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Trauma recidivism is pervasive and is associated with mental and social health opportunities

Published:November 04, 2022DOI:https://doi.org/10.1016/j.injury.2022.11.002

      Highlights

      • 14% of patients returned with an unrelated trauma event within a mean of 21 months following initial injury.
      • Mental illness was noted in 57% of recidivists, versus 33% of the others, representing the greater risk factor for trauma recidivism.
      • Other predictors of recidivism included recreational drug use and history of ballistic or other assault.

      Abstract

      Introduction

      Recidivism after orthopedic trauma results in greater morbidity and costs. Prior studies explored the effects of social and medical factors affecting the frequency of return to the hospital with new, unrelated injury. Identification of mental, social and other risk factors for trauma recidivism may provide opportunities for mitigation. The purposes of this study are to determine the rates of subsequent, unrelated injury noted among orthopedic trauma patients at a large urban trauma center and to evaluate what patient and injury features are associated with greater rates of trauma recidivism. We hypothesize higher rates of new injuries will be related to ballistic trauma and other forms of assault, alcohol and recreational drug use, unemployment, and unmarried status among our trauma patients.

      Methods

      A series of 954 skeletally mature patients at a level 1 trauma center over a 5 year period were included in the study. All were treated operatively for thoracolumbar, pelvic ring, acetabulum, and/or proximal or shaft femoral fractures from a high energy mechanism. Retrospective review of demographic, injury, medical, and social factors, and subsequent care was performed. Trauma recidivism was defined as returning to the emergency department for treatment of any new injury. A backward stepwise logistic regression statistical analysis was used to identify independent predictors of recidivism.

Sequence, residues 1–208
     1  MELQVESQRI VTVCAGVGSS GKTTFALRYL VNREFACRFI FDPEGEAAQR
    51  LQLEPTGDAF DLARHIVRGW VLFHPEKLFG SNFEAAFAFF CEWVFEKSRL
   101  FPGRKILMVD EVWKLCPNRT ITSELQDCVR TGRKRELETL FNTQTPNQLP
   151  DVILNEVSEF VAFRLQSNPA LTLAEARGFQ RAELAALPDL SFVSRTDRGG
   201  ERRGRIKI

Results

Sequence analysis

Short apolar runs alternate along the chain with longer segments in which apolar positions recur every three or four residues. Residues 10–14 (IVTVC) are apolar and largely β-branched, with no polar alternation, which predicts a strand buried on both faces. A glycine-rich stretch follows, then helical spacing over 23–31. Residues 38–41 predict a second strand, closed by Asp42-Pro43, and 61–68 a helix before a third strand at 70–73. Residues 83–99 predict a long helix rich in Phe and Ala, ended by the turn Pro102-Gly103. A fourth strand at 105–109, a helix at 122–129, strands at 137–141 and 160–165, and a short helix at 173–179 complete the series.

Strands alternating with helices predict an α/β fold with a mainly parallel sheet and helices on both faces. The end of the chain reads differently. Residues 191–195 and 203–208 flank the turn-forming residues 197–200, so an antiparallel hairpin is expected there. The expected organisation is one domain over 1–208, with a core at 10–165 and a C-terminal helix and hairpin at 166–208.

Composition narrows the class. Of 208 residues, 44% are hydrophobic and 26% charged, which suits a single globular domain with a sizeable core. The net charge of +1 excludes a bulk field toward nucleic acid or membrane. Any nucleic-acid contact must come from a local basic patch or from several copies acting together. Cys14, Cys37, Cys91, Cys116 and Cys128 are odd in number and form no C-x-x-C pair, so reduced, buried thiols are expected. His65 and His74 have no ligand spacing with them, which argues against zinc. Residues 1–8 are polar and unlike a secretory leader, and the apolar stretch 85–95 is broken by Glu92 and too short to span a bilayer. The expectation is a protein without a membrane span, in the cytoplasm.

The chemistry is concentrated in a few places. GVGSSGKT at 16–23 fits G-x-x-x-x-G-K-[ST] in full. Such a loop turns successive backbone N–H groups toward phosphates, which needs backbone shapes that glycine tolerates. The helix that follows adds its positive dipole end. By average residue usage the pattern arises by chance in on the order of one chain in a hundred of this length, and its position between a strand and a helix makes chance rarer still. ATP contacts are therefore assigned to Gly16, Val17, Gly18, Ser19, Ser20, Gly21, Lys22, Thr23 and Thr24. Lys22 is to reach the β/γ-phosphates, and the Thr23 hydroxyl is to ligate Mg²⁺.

Results

      Mean age of all patients was 41.2 years, and 73.2% were male. 136 patients (14.3%) returned with a new injury within a mean of 21 months. These trauma recidivists were more likely to sustain a GSW (22.1% vs 11.4%, p = 0.001). They had higher rates of substance use, including tobacco (57.4% vs 41.8%, p = 0.001) and recreational drugs (50.7% vs 34.4%, p = 0.001), and were less likely to be married (10% vs 25.9%, p<0.001). Mental illness was pervasive, noted in 56.6% of patients with new injury (vs 32.8%, p<0.001). Medicaid insurance was most common in the trauma recidivist population (58.1% vs 35.0%, p = 0.001), and 12.5% were uninsured. Completing high school or more education was protective (93% non-recidivist (vs 79%, p = 0.001). Sixty-nine patients (50.7%) were repeat trauma recidivists within the study period. Independent predictors of new injury included recreational drug use (OR 1.64, p = 0.05) and history of assault due to GSW or other means (OR 1.67, p = 0.05). History of pre-existing mental illness represented the greatest risk factor for trauma recidivism (OR 2.55, p<0.001).

      Discussion

      New injuries resulting in emergency department presentation after prior orthopedic trauma occurred in 14.3% and were associated with history of assault, lower education, Medicaid insurance, tobacco smoking and recreational drug use. Mental illness was the greatest risk factor. Over half of patients with these additional injuries were repeat trauma recidivists, returning for another new injury within less than 2 years. Awareness of risk factors may promote focused education and other interventions to mitigate this burden.

      Level of Evidence

      Level 3 retrospective, prognostic
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